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Spiral Dynamics

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Spiral Dynamics introduces a new model for plotting the enormous economic and commercial shifts that are making contemporary business practice so complex and apparently fragmented. Focusing on cutting-edge leadership, management systems, processes, procedures, and techniques, the authors synthesize changes such as:

Increasing cultural diversity.

Powerful new social responsibility initiatives.

The arrival of a truly global marketplace.
This is an inspiring book for managers, consultants, strategists, and leaders planning for success in the business world in the 21st century.

352 pages, Paperback

First published January 1, 2005

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Don Edward Beck

4 books37 followers

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5 stars
438 (47%)
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137 (14%)
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29 (3%)
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Displaying 1 - 30 of 85 reviews
Profile Image for Conrad Zero.
Author 3 books137 followers
August 8, 2016
While the creator of Spiral Dynamics is no longer with us, this reworked and updated version presents a theory of human "progression" through various stages of value systems. Each stage of the system is represented by colors. It reminds me of Abraham Maslow's Heirarchy of Needs theory, only with more layers and technicolor.

This book is essential reading for many reasons. One is diversity training. Different people have different values and filters on the world. SD not only simplifies and explains those values but shows the life conditions which perpetuate them. If you ever wondered why someone got gunned down over a pair of Nike Air Jordans, this book will help you to understand the "Red" mindset AND the life conditions of the people living there. If you wonder why that weird uncle of yours is all into God and Government, SD will teach you all about the "Blue" mindset and the life conditions which would lend themselves toward a Blue solution.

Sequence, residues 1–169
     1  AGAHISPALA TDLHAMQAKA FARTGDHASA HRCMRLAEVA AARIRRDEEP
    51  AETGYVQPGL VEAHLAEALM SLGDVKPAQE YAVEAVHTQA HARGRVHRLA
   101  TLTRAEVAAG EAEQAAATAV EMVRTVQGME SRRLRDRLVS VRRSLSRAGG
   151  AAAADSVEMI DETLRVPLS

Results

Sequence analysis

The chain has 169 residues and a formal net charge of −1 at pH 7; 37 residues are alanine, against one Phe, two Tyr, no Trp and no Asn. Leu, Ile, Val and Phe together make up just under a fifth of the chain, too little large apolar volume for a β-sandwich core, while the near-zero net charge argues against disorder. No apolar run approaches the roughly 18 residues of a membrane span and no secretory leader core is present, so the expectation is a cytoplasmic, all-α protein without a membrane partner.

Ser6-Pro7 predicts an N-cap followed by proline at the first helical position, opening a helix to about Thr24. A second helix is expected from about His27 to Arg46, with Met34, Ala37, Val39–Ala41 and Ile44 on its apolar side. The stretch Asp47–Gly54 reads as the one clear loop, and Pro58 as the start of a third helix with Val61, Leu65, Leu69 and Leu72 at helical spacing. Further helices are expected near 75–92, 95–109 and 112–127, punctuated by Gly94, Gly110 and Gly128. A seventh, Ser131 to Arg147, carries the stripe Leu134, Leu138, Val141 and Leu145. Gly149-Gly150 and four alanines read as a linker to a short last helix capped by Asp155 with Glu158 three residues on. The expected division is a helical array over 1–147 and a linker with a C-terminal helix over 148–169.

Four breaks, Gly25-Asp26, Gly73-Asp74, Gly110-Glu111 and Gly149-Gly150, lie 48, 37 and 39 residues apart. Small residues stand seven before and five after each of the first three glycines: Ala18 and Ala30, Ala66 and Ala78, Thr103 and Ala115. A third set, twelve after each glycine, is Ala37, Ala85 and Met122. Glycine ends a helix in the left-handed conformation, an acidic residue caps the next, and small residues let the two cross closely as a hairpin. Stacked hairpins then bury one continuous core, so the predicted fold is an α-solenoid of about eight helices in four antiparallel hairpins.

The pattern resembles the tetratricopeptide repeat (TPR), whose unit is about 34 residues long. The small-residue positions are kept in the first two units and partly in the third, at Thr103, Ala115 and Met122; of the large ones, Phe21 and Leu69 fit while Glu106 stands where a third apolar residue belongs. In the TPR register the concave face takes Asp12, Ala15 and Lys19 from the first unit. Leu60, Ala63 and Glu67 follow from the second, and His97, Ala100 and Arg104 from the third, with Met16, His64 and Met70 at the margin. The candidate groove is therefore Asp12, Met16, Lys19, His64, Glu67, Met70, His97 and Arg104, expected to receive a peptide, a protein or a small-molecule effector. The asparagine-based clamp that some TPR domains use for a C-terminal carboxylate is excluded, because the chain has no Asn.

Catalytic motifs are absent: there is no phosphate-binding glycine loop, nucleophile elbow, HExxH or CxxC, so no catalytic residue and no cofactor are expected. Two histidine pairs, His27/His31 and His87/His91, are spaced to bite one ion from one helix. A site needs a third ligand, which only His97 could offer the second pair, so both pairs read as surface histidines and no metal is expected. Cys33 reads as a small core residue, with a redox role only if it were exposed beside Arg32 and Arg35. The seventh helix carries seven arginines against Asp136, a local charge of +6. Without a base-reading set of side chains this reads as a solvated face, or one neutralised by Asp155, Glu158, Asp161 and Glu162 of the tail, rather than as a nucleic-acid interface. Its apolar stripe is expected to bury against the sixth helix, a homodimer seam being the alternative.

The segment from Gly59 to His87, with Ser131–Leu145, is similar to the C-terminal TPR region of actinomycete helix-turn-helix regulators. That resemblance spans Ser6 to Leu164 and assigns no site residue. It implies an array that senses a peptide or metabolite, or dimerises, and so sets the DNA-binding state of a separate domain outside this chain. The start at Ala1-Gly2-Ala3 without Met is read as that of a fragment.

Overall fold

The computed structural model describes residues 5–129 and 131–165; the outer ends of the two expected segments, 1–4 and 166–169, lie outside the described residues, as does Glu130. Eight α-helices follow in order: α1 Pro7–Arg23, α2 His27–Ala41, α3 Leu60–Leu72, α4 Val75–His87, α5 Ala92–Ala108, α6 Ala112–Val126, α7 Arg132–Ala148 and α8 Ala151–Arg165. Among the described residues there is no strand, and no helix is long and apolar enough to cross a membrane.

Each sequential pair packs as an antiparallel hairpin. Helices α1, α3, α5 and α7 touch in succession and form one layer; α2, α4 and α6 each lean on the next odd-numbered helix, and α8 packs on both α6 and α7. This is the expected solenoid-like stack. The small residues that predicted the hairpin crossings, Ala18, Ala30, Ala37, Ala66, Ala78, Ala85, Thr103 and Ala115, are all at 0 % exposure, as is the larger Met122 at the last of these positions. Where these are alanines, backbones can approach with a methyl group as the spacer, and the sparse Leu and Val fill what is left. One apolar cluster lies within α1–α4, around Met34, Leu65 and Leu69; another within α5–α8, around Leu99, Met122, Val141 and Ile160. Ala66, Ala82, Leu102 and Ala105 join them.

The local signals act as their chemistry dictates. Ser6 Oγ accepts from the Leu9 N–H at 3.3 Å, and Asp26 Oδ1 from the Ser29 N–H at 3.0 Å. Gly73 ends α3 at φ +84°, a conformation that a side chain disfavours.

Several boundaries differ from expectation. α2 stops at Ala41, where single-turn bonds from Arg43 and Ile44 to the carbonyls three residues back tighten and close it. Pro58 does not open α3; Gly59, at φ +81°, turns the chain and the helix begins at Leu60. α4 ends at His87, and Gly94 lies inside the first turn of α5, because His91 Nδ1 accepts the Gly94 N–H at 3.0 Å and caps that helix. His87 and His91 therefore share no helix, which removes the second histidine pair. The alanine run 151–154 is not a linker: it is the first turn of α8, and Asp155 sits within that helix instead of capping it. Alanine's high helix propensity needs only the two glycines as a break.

Once you understand the value system of a person in this way, it becomes much easier for you to work with them. Or work for them. Or manage them. Or simply tolerate them at the holiday dinner. You'll understand why they would respond better to discipline (for Blue/Red), or incentives (Orange), or recognition (Green), etc. While it's not exactly the superpower the authors present (You'll become a SPIRAL WIZARD!) it's definitely powerful knowledge about the humans you share the planet with. Since reading this book, I've been able to identify the different colored thoughts and patterns in both conversations and headlines, and even in my own life. Self Knowledge - always a good thing.

The authors repeatedly point out that that people aren't simply one color for all things, but they can have dominant color thinking for different areas of their life. They may be Green regarding their relationships, but Blue in their business dealings. These values are not necessarily a conscious choice, but rather a reaction to the Life Conditions in which people find themselves. When the zombie apocalypse happens, those trapped in the infected zone will quickly find their brains switching to a more Red mindset because of the prevailing Life Conditions. SD definitely implies nurture over nature in this case.

I'm not sure if I agree with the authors that there is an actual Progression through the color spectrum as they list it. On the surface it makes sense, but my own experience I seem to have skipped some colors, and they mention more than once that skipping colors is possible, which makes me wonder if there are other paths through the colors than the one listed here (Tree Dynamics?)

Furthermore, there is a Second Tier to the spiral, (starting with Yellow) in which one recognizes the different colors and is able to pick and choose the appropriate color for any particular situation. The problem should be obvious - how do I know whether my weird uncle is really Bright Blue, or enlightened, second tier Yellow, but choosing to value Blue around Religion and Politics? Nit picking, I suppose, but not really addressed in the book.

Overall, this is an extremely helpful book for managers, the diversity-challenged, or those wanting more insight into human nature.
Profile Image for Stephen Joyce.
Author 2 books6 followers
November 6, 2011
important but , in my humble opinion, very poorly written book - the work of Graves did not deserve to be buried in such a shambling text - it made an extremely useful and creative model of human development into something obscure and elitist ( for really smarty people who have university education) - the KEY to these ideas can be found in 'A Theory of Everything' by Wilbur - who managed to make the theory much more accessible to everyone.
Profile Image for K.M. Weiland.
Author 29 books2,276 followers
February 24, 2019